Anyway, the first installment “The Frights of Fiji” is available on Amazon here. The second installment, “The Uncontrollable Curse” can be pre-ordered right here. The third novel is currently titled “Enchanted for Eternity” (which might change) and still has a ways to go. I am writing a synopsis for the current draft. I’m hoping that plot can work for the final draft. Really—I just want this project to be done. About 3.25 years of this WIP have passed and I cannot tell you how many times I wanted to quit.
Yeah—finding an exciting plot was sooo hard. Even recently, long after I completed a full first draft
from January to February last year (2018), I have gotten bored with some of my
plots. However, the one I’m working on actually sounds pretty exciting, even
though I’m not done with the synopsis.
But the idea has stayed the same. My main character, Alyssa,
is cursed with magic that she needs to learn to control and keep permanently. I’ll
release more information once the story’s pretty much done and nearing
publication, which might be early fall, as of now.
I’m an author and authors constantly write. However, I am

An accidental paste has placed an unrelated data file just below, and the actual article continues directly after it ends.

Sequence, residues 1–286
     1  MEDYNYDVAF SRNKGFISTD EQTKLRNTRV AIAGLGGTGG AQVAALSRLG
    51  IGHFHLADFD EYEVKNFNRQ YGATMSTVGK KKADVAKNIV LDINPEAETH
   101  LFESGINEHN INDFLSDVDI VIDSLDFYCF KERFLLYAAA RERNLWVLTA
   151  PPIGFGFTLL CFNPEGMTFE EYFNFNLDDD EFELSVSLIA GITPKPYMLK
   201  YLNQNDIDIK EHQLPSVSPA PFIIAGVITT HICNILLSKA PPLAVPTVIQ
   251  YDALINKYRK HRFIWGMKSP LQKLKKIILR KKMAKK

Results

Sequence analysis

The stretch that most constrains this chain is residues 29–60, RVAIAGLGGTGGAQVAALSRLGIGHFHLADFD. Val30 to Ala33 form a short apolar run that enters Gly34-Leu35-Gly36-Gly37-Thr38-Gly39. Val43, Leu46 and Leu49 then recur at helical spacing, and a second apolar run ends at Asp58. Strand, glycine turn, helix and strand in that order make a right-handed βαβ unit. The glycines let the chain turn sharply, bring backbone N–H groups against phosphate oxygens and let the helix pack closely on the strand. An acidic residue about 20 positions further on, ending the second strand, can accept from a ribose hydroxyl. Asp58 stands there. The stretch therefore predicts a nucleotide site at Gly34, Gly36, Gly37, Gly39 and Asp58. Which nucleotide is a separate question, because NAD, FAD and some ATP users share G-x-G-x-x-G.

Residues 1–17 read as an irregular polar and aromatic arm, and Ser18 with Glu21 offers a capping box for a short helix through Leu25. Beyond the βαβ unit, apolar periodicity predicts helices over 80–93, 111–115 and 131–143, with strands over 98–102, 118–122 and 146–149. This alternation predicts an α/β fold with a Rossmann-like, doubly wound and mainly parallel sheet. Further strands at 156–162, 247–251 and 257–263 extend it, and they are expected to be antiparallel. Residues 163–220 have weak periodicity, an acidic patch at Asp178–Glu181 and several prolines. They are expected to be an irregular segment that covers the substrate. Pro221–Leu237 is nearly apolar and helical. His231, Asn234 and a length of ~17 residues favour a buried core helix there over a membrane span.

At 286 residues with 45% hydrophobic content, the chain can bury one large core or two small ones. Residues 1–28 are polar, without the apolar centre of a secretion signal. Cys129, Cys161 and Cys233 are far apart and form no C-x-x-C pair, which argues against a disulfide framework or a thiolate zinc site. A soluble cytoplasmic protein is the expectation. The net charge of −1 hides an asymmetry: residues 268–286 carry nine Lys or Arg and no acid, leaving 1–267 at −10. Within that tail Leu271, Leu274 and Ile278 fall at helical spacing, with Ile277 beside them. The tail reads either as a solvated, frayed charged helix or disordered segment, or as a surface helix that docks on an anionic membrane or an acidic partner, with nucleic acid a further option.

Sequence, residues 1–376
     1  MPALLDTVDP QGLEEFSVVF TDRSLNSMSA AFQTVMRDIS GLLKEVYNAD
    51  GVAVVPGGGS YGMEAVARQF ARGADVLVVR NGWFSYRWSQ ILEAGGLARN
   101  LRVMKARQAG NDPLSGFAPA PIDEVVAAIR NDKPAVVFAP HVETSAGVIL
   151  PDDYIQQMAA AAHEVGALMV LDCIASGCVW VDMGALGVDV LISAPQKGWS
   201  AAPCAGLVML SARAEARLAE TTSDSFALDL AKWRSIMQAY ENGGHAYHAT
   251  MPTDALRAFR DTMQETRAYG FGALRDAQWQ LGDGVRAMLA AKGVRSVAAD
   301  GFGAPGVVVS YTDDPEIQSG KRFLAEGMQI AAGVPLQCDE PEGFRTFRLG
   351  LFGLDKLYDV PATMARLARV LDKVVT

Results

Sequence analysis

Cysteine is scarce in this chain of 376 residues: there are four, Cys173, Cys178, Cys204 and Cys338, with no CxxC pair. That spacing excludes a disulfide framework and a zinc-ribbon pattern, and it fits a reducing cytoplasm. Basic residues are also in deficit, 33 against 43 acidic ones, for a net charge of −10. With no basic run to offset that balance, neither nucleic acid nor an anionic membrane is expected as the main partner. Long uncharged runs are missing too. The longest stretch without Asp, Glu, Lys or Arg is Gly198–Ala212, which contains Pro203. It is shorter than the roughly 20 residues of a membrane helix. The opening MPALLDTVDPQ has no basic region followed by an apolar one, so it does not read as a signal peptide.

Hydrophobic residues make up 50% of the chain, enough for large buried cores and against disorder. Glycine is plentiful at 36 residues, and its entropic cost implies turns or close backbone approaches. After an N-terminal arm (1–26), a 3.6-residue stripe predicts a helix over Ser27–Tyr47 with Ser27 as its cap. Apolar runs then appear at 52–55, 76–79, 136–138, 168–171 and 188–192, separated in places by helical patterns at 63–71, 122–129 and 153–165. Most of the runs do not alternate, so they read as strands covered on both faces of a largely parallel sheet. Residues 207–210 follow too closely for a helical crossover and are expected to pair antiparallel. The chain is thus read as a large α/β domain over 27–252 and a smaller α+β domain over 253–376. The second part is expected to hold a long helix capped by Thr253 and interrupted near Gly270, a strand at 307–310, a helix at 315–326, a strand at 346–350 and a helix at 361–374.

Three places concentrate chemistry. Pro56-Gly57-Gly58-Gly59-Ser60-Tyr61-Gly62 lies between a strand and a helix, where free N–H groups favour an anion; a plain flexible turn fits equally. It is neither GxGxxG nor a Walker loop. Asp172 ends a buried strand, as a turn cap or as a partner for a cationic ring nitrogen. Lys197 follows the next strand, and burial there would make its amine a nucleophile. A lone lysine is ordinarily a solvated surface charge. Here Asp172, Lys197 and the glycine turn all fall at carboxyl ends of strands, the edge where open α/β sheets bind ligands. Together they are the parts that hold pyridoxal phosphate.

weak at multi-tasking, even with writing. For years, I could only work on one novel at a time. But that meant only
one publication every few years. And that is not very fair to fans or readers.
I’ve been doing research on writing more than one story at a
time. Many writers can do it. Some do it because they have too many ideas
floating in their heads. Others do it because they want to meet deadlines
sooner, especially if they have agents.
I’ve tried many times but have failed… until now. I am
working on two works at this time. Well, technically three as I am having one project
edited. But this is a huge milestone for me. It’s not easy. I am glad that I
started with a small step of only adding one extra project. There is a